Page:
One more thought before bed... I have an AMAZING group of kids this year. Like, amazing enough that I am scared about what I will get next year and amazing enough that I want to ask to loop with them. Anyway, these kids have the biggest hearts you can imagine. When one child lost his grandfather, the kids made cards on their own because they "hated seeing him sad". Knowing that some kids don't have a lot of money, many kids in my class gave money to buy class t-shirts for their classmates. My kids rush to help one another out; not for treats or prizes, but because they love helping. They have "adopted" a severe/profound class of 3 students and beg to give them extra treats for birthdays or holidays because they love to see these children smile and laugh. I could go on and on... Anyway, what standardized test measures this? Does anybody care that my kids are growing up to be selfless, caring individuals? And, yes, I get that this is public education that  we are talking about, but I wish that somebody would realize that we are teaching kids, not robots. I cannot take the humanness out of them every day, nor would I want to. I think we need to remember that the whole child comes to school every day and we need to celebrate all of the great things that whole child does, not just "mastering basic skills" on a test-and-punish test.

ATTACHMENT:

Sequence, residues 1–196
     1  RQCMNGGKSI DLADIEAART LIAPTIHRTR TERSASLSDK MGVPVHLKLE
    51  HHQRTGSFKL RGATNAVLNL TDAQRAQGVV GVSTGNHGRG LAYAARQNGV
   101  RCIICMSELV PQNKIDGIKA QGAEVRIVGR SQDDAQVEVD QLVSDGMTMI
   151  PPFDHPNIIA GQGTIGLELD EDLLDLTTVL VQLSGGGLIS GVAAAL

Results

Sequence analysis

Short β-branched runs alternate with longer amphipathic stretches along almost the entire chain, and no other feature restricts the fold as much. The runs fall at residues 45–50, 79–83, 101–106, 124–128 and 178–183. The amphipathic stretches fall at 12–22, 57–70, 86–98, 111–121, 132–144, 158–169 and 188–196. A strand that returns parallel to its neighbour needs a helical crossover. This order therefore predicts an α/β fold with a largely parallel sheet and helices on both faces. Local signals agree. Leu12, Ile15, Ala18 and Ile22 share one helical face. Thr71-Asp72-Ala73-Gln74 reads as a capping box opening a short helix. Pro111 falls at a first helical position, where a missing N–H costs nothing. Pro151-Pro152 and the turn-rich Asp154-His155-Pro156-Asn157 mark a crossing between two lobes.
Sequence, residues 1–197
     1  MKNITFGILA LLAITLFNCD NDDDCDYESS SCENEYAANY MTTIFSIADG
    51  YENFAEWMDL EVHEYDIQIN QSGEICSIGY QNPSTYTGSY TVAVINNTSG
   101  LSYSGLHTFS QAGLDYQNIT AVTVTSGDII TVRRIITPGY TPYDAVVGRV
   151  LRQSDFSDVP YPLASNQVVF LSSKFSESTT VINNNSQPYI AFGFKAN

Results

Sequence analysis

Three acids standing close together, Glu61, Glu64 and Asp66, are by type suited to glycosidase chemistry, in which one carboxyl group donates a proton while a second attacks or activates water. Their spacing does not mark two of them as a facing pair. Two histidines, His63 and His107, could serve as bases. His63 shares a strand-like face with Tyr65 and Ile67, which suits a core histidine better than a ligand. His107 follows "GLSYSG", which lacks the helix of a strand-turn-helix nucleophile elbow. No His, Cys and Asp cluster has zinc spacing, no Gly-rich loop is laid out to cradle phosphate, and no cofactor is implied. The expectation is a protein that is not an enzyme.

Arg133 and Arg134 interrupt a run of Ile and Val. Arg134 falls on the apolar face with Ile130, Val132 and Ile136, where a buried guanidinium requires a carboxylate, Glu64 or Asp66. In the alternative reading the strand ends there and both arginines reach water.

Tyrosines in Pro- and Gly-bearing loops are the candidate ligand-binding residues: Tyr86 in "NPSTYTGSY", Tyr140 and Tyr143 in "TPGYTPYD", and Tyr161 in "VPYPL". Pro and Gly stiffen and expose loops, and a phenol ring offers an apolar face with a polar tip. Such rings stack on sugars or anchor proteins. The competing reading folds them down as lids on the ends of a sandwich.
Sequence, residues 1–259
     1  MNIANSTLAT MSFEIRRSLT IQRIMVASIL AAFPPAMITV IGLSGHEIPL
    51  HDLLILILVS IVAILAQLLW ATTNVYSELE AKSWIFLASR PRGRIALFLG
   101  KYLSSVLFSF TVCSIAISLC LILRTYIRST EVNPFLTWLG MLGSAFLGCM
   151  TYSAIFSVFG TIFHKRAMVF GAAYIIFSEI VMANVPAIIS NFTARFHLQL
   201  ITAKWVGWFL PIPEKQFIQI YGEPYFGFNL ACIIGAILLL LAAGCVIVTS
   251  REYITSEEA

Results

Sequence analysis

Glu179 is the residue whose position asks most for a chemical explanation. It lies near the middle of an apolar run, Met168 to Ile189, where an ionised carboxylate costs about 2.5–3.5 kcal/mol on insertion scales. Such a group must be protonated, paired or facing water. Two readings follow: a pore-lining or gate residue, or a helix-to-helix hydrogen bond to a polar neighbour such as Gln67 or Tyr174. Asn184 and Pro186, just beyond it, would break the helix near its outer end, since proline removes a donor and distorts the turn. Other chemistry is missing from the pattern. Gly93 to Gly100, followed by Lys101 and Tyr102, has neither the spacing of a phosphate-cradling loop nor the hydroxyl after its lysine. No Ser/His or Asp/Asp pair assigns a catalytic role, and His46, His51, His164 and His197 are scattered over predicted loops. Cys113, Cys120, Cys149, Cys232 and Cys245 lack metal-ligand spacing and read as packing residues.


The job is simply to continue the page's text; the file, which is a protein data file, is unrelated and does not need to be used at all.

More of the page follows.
Recommended Reading

I will start by recommending some books that have somehow had an effect on me. Some were very eye-opening, while others were insteresting just because I could relate. Enjoy!

High Stakes: Poverty, Testing, and Failure in American Schools

I am currently reading High Stakes and can hardly put it down. It takes place in Louisiana and is a true account of what really happens in our schools preparing for the test. Love it!

So Much Reform, So Little Change: The Persistence of Failure in Urban Schools

Dr. Payne is my new hero. I read this over the summer (2010) and really enjoyed it.

Savage Inequalities should be required reading for anyone working in politics or education.
Measuring Up: What Educational Testing Really Tells Us

Pedagogy of the Oppressed: 30th Anniversary Edition

Left Back: A Century of Battles over School  Reform
In Defense of Our Children: When Politics, Profit, and Education Collide